Canadian Prime Minister Justin Trudeau, left, and Chinese Premier Li Keqiang attend a signing ceremony at the Great Hall of the People in Beijing Monday, Dec. 4, 2017. (Fred Dufour/Pool Photo via AP)

Canadian Prime Minister Justin Trudeau, left, and Chinese Premier Li Keqiang attend a signing ceremony at the Great Hall of the People in Beijing Monday, Dec. 4, 2017. (Fred Dufour/Pool Photo via AP)

Canada, China delay launch of trade talks as Trudeau continues state visit

BEIJING — Prime Minister Justin Trudeau concluded talks with the Chinese premier in Beijing, but they were not able to announce the start of formal free trade talks.

Trudeau said there wasn’t one particular issue that held up the talks, but he wants a progressive trade deal that includes addressing issues such as gender, the environment and labour.

“China is very aware that this is a precedent as they move forward with the first trade deal with a G7 country and there is a desire that we get it right,” Trudeau said.

“There is a coming together on the sense that this is going to be a big thing, not a small thing,” Trudeau added.

Premier Li Keqiang lauded the “golden age” of relations with Canada and said China was amenable to continuing exploratory trade talks.

But tempers flared on the Chinese side during Trudeau’s Monday visit to Beijing’s opulent Great Hall of the People.

Chinese security guards blocked photographers from The Canadian Press and the Prime Minister’s Office by throwing up their hands and moving their bodies between them and Trudeau as he walked a red carpet next to Li.

A Chinese foreign ministry official berated a diplomat from the Canadian embassy for not bringing the passports of the reporters travelling with Trudeau. The diplomat fired back at him in what was clearly an angry exchange.

Afterwards, the Chinese side cancelled a planned press conference, Trudeau’s office said.

The two countries have spent months in exploratory talks that have taxed China’s patience with Canada seeking to add provisions regarding the environment, human rights, labour and gender issues.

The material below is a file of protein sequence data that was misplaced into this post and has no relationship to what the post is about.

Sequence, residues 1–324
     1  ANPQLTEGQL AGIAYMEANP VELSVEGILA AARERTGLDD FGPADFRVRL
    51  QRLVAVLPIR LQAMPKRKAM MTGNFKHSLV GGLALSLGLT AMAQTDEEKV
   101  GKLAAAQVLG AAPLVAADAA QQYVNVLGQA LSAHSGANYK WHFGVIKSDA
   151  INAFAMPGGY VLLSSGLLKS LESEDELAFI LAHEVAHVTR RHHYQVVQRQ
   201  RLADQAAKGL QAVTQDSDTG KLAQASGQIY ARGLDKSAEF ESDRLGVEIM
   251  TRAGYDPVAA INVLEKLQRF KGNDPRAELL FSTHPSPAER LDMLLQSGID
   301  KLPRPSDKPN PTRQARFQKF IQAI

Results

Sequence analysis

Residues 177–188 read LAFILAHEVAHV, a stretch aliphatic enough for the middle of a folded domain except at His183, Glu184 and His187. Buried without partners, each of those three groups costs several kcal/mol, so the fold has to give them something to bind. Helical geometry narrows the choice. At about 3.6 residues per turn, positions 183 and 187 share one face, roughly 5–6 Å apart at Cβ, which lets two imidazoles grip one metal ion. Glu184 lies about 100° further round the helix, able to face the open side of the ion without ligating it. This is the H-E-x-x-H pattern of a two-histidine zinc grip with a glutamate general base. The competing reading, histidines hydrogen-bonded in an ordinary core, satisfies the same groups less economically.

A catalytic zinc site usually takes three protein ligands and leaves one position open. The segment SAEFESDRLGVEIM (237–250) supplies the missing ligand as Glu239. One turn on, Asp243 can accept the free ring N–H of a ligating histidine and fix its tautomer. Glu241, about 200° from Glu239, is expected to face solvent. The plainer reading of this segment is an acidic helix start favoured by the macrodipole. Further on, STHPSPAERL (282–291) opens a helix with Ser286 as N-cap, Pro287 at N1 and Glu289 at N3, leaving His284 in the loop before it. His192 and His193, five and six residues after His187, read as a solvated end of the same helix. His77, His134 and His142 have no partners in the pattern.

Despite the fact the much anticipated next step in Canada-China trade relations failed to materialize, Li had kind words for Trudeau and Canada. Li said it was rare for him to have yearly leader’s meetings.

“This is also a testament to the golden era of our bilateral relations. This also shows the importance you attach to the relationship between our two countries,” Li told Trudeau through a translator after their meeting.

Later, at a separate event, Li said Canada and China had entered a “golden age.”

Both leaders gave prepared remarks after their meeting, and later at a podium where their planned press conference never happened.

Trudeau said they had “frank and direct” conversations and that he looked forward to deepening economic relations with China.

“The opportunities for deepening our economic and people-to-people ties are tremendous,” Trudeau told Li, who was seated across a large boardroom table in a cavernous and ornate meeting room. Both leaders were each flanked by eight officials.

“We had (a) candid and in-depth exchange of views just now and reached important common understanding,” said Li, without elaborating.

The Trudeau government said it is still deciding whether to formally begin trade negotiations with China and has been pushing for a framework to broaden the talks to include the environment, governance, labour and gender issues.

It recently released the results of consultations with more than 600 businesses, academics and civil society groups.

Some of those surveyed expressed fears a freed trade pact with China could kill Canadian jobs and reduce their ability to compete against China’s lax labour standards, lower environmental requirements and state subsidies.

China says a free trade deal would be purely economic, and should not include talk of human rights.

Wenran Jiang, the Alberta based president of the Canada-China Energy and Environment Forum, said Monday’s inconclusive outcome should not have taken anyone by surprise.

“The Chinese have patience and are pragmatic,” said Jiang, who returned from China last week after his sixth visit to the country this year.

“They know if they push, it is not good. So the talks stay at the grand level – golden age,” he added.

“We found out that the Chinese followed Canada and its internal debate closely. They are saying that an FTA will be much more in Canada’s interests, but they are not going to rush us or push us.”

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